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1998 Avanti 454 engine issue - piston - REPAIRED AND WORKING!!-gctid818284

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    1998 Avanti 454 engine issue - piston - REPAIRED AND WORKING!!-gctid818284

    Everytime I think I'm getting pretty savy on boat stuff, someone (thing) comes along and sets me back in my place for thinking such a stupid thing . . . . . recent issue: apparently lost a piston (so where did it go?) in my port 454 engine (380 HP) or so the rebuilder told the marina owner. He's thinking it's a detonation issue . . . . . ?? ok, I know I'm not the sharpest knife in the drawer but that just begs for MORE INFO, PLEASE!! So I'm thinking that has to do with the timing of the spark on the compression stroke, etc. . . . how far off am I? My limited research says it isn't "pre-ignition" (the ignition [not by spark] of the fuel/air mixture WAY too early) but is more (like I said) an issue of when the spark was triggered to when the piston was After TDC (top dead center). Issues of this sort have to go with the tune up and timing, right? Help me out here . . . . need some good advice . . .
    1998 Avanti 3685 - "Dad's Dream" w 454 Mercs - for sale - Dredge Harbor, NJ
    Former - "Home Aweigh" 2003 - 2452 Bayliner Cierra Classic Hardtop Cruiser
    WQQM835 MMSI: 338147209
    James H. Stradling

    #2
    "Dadrock33" post=818284 wrote:
    Everytime I think I'm getting pretty savy on boat stuff, someone (thing) comes along and sets me back in my place for thinking such a stupid thing . . . . . recent issue: apparently lost a piston (so where did it go?) in my port 454 engine (380 HP) or so the rebuilder told the marina owner. He's thinking it's a detonation issue . . . . . ?? ok, I know I'm not the sharpest knife in the drawer but that just begs for MORE INFO, PLEASE!! So I'm thinking that has to do with the timing of the spark on the compression stroke, etc. . . . how far off am I? My limited research says it isn't "pre-ignition" (the ignition [not by spark] of the fuel/air mixture WAY too early) but is more (like I said) an issue of when the spark was triggered to when the piston was After TDC (top dead center). Issues of this sort have to go with the tune up and timing, right? Help me out here . . . . need some good advice . . .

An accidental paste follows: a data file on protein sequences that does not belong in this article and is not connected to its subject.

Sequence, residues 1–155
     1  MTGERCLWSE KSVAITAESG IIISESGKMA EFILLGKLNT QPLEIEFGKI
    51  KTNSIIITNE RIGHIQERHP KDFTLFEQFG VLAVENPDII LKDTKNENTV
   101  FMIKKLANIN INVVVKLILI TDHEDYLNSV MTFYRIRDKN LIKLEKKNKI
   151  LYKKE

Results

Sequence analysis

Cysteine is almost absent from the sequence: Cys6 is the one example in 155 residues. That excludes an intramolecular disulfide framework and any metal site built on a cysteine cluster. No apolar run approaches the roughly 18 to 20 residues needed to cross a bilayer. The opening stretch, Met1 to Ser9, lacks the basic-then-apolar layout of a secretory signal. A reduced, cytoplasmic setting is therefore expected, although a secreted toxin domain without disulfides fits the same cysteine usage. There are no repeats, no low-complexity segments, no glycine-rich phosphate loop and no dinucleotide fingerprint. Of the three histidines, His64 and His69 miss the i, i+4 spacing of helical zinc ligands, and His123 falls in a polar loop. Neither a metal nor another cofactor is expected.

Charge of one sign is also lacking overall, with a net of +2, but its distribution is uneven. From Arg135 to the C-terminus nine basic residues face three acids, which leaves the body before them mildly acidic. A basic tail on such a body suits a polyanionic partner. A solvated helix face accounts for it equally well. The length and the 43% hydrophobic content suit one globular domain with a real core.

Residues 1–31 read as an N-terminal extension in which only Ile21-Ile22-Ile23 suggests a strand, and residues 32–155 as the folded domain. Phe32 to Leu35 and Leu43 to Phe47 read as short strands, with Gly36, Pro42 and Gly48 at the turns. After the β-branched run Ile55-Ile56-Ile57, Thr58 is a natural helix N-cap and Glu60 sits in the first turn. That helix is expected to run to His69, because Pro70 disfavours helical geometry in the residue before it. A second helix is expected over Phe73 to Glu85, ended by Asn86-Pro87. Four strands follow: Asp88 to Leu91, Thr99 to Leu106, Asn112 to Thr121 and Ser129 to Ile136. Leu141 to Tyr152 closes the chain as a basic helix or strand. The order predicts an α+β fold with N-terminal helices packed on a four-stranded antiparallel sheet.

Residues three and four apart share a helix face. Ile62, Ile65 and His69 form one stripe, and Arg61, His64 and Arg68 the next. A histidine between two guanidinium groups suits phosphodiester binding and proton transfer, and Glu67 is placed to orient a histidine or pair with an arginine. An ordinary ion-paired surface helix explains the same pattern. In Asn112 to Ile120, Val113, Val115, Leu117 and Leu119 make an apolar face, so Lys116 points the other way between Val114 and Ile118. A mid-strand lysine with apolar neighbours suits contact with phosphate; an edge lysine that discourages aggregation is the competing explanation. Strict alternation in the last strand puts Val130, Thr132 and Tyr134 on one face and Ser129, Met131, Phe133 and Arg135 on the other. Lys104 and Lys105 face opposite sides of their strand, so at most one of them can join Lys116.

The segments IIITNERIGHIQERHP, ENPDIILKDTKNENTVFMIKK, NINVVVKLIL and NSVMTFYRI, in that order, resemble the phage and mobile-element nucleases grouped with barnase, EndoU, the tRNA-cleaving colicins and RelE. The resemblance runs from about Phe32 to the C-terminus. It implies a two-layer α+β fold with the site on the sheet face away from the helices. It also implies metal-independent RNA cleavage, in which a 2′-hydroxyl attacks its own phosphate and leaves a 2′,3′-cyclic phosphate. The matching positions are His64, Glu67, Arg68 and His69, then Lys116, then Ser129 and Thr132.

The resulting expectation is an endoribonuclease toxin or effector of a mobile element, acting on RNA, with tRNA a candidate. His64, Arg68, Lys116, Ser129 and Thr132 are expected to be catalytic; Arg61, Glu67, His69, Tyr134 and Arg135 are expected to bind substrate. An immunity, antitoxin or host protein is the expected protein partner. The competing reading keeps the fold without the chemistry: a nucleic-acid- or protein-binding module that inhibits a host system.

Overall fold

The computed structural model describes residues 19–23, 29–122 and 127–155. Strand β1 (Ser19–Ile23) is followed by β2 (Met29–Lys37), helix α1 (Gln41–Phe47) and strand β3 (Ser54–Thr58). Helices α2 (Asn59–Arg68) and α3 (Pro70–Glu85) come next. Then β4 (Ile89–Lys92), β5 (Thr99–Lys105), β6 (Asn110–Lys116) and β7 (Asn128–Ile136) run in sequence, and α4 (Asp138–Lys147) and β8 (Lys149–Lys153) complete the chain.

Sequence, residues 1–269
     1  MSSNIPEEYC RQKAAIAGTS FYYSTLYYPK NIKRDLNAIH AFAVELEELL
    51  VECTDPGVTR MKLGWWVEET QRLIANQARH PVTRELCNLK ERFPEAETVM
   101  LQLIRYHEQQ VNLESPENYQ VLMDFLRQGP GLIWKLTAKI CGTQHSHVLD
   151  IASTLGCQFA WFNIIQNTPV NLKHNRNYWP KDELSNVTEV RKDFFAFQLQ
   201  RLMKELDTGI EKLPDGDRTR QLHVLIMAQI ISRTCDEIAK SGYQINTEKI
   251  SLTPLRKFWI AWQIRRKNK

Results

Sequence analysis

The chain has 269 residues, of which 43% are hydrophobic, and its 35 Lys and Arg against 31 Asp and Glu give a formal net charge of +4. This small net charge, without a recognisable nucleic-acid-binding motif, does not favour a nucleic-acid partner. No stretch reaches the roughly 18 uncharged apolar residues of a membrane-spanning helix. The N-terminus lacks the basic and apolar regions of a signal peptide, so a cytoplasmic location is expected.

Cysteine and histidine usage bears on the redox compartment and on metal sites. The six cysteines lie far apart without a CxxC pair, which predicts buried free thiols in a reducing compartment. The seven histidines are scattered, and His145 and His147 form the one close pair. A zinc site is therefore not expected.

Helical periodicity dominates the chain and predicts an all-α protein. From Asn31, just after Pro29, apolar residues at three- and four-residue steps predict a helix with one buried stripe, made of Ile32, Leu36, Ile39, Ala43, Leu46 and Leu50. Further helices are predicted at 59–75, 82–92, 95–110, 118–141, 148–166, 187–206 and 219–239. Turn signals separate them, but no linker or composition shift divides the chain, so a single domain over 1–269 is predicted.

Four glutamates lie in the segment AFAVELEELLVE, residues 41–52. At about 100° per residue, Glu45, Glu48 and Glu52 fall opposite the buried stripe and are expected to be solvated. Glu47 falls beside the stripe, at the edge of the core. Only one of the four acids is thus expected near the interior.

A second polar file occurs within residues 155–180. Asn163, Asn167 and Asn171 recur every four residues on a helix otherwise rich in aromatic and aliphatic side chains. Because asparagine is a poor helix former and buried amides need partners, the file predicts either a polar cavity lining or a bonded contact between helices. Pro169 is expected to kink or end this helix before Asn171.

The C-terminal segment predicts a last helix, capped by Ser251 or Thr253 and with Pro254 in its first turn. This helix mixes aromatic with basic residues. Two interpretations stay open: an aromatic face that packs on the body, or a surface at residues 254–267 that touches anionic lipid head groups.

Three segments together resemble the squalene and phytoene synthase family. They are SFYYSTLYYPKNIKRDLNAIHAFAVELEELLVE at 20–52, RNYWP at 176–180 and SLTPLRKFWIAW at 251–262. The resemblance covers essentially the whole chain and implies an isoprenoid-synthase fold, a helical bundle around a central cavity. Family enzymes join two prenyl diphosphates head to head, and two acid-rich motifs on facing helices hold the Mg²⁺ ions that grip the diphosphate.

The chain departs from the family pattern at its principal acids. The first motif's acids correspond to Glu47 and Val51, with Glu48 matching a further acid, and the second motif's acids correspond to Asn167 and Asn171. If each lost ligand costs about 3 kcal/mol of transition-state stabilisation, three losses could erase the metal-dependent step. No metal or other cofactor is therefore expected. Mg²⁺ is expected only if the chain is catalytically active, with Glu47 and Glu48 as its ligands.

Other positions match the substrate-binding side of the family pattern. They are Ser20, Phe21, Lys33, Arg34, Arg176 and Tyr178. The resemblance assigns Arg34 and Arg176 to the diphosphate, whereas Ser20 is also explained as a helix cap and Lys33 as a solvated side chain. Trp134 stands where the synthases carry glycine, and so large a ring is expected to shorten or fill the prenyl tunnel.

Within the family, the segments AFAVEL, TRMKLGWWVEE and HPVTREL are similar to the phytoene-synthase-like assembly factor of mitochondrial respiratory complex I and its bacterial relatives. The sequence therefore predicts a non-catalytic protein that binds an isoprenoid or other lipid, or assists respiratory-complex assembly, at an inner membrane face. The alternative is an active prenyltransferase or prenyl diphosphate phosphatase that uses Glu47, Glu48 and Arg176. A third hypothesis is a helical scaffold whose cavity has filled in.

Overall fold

[color]blue wrote:
    The BBC does not quite have the same issues as does the SBC with regard to combustion chamber design. In other words, the chamber does not give the flame front the hiding place as does the SBC with the dreaded Full Dished piston! :evil:

    However, most any gasoline engine can undergo Detonation, and Marine Load Detonation can be among the worst!

    And yes...... you are correct.... Pre-Ignition and Detonation are two entirely different phenomena.

    Detonation may be caused by poor combustion chamber design, excessive cylinder pressures, low Octane Rated fuel, high cylinder temperatures, excessively lean Fuel/Air mixture, excessive spark lead (i.e, ignition advance) at the TA RPM range, over-loading at below the ideal cruising RPM, etc.

    Be sure to perform your Forensic work prior to putting this engine back together. Find out what caused the Detonation.

    You certainly don't want a repeat shortly afterwards!

    .[/color]
    Rick E. Gresham, Oregon
    2850 Bounty Sedan Flybridge model
    Twin 280 HP 5.7's w/ Closed Cooling
    Volvo Penta DuoProp Drives
    Kohler 4 CZ Gen Set

    Comment


      #3
      Unless someone has been tinkering with the timing the most likely causes for detonation related damage are lean fuel mix, low octane fuel, and running with too much prop pitch (so that the engine never reaches its specified max rpm). This is why it is a good idea to remove the spark plugs once a season and inspect them. If you have a lean fuel mix issue it will be clearly shown by the center electrode insulator. I also use premium fuel regardless what others may say because as an engine ages and accumulates carbon build up the octane requirement increases over time.
      88 Four Winns 200 Horizon 4.3 OMC
      98 Jeep Grand Cherokee 4.0/Selectrac
      07 Jeep Grand Cherokee 5.7 Hemi/Quadradrive II

      Long Island Sound Region

      Comment


        #4
        "2850Bounty" post=818287 wrote:
        "Dadrock33" post=818284 wrote:
        Everytime I think I'm getting pretty savy on boat stuff, someone (thing) comes along and sets me back in my place for thinking such a stupid thing . . . . . recent issue: apparently lost a piston (so where did it go?) in my port 454 engine (380 HP) or so the rebuilder told the marina owner. He's thinking it's a detonation issue . . . . . ?? ok, I know I'm not the sharpest knife in the drawer but that just begs for MORE INFO, PLEASE!! So I'm thinking that has to do with the timing of the spark on the compression stroke, etc. . . . how far off am I? My limited research says it isn't "pre-ignition" (the ignition [not by spark] of the fuel/air mixture WAY too early) but is more (like I said) an issue of when the spark was triggered to when the piston was After TDC (top dead center). Issues of this sort have to go with the tune up and timing, right? Help me out here . . . . need some good advice . . .